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Avoiding Common Inside Sales and Telemarketing Mistakes

 
September 13, 2016


By Tracey E. Schelmetic, Telemarketing Software Contributor


The practice of inside sales or telemarketing, particularly for business-to-business selling, is an onerous one. Typical outbound agents make hundreds of calls a day, and most of the time they’re encountering voicemail, whether it’s on prospects’ landlines or mobile phones. Many inside sales managers believe that quantity is what counts, which is often why they turn to telemarketing software such as dialers. While it’s true that the more calls you make, the more connections you’re going to take, there comes a time when sales managers should focus on quality instead of quantity. As Ada Frost wrote recently for HubSpot, the traditional definition of insanity is doing the same thing over and over again and expecting different results.


“If you’re leaving message after message on prospects’ voicemails and none of them seem to be prompting a call back, the answer isn’t doubling down on what’s clearly not working,” wrote Frost. “Instead, you should try to figure out where you’re going wrong.”

Is it in your greeting? Frost notes that many inside sales agents continue to use honorifics, as in “Hello, Ms. Smith.” Not only does it sound overly formal (and announce that yes, this is a sales call!), but you may be pronouncing last names incorrectly. If the name is a foreign or unfamiliar one, you may even be using the wrong honorific (“Ms.”iInstead of “Mr.”) First names help overcome some of these mistakes, and sound less formal.

Is it in the way you identify yourself? If you open the voicemail with your name and organization, you’re also basically announcing that this is a cold sales attempt. While you should certainly identify yourself, choosing a more subtle and delayed way to do it might be a better option.

Provide a hint of value, not a laundry list of features. Since this is a cold call, you’re not yet sure of which features will interest the prospect.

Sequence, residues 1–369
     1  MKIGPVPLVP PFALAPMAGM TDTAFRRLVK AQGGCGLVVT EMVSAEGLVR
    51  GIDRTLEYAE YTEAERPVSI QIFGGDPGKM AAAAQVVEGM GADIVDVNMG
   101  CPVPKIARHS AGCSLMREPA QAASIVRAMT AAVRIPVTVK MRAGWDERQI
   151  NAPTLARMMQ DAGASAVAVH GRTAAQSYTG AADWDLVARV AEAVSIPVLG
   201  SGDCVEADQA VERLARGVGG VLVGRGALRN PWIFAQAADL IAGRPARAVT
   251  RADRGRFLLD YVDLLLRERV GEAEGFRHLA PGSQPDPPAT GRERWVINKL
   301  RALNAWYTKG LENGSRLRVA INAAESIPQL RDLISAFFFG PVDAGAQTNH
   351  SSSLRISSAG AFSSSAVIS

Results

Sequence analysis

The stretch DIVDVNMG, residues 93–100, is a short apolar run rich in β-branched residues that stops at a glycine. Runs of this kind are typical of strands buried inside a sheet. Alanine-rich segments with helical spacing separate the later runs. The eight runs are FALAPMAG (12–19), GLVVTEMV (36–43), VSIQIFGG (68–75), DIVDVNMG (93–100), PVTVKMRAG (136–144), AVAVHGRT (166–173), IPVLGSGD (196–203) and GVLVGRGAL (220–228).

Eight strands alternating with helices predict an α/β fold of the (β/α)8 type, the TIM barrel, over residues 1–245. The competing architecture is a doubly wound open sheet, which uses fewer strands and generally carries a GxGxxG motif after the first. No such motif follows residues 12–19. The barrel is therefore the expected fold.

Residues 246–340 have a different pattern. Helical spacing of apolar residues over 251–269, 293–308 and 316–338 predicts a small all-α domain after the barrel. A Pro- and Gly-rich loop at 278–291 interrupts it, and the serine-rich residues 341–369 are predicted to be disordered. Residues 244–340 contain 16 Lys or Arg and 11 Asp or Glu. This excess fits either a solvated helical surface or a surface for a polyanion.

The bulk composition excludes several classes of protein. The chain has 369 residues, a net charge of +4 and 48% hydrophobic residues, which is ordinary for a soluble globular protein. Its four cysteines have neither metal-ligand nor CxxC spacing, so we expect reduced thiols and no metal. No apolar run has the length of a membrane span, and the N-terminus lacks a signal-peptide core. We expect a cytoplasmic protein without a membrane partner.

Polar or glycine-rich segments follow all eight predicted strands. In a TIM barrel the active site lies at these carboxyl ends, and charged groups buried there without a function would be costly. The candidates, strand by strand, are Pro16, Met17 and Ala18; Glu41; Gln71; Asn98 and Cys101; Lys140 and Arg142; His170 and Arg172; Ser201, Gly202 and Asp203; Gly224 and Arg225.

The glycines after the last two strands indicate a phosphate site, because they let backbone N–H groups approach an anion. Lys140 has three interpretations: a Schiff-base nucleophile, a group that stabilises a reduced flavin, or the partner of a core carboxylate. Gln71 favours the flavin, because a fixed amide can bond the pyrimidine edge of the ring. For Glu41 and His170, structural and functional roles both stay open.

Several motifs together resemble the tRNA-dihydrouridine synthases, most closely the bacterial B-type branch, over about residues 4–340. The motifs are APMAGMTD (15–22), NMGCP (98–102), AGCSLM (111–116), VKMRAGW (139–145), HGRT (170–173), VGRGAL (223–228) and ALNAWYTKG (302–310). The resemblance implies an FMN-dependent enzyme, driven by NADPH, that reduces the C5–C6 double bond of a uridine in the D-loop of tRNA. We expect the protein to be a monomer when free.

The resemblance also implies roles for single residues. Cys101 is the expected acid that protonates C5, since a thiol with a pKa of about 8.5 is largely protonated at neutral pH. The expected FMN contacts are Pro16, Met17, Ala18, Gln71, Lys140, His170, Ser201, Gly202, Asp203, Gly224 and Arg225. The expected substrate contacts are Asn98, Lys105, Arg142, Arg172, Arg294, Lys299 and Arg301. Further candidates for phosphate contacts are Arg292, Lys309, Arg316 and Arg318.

“Reps should never pitch product features during a voicemail,” wrote Frost. “Again, the goal is to begin the sales conversation or restart a stalled one – not convince your prospect to buy. Save the features talk until after you’ve sparked their interest in what you have to say and earned their trust by providing value in some way.”

Being overly generic. Let the prospect know that you’ve done your research. Specifics such as, “I noticed that you recently launched a new product line of voice-activated widgets” sounds like you’ve taken a real interest. Avoid general statements such as, “Your website is really interesting.”

Avoid accusatory-sounding language. “This is the third voicemail I’ve left for you” makes it sound like it’s the prospect’s fault for failing to respond to you. Also avoid language like, “I know you’re busy,” which sounds a lot like, “I know I’m pestering you.” Cringe-worthy phrases such as “I know I don’t know you, but…” will also get your voicemail ignored.

So what should you say? For starters, keep it brief, keep it to the point and keep it compelling. Mark Roberge of Harvard Business School recommends something like this:

“I’m going to send you that case study now to give you an idea of the specific tactics [the company] used and the results you should expect. Give me a call if you would like to review it together."

A sales professional with a possible solution to fill a company’s need sounds a lot better than an amateur stranger begging for time with irrelevant feature lists. It might even start to improve your callback rates, which is the whole point of your efforts. 




Edited by Alicia Young



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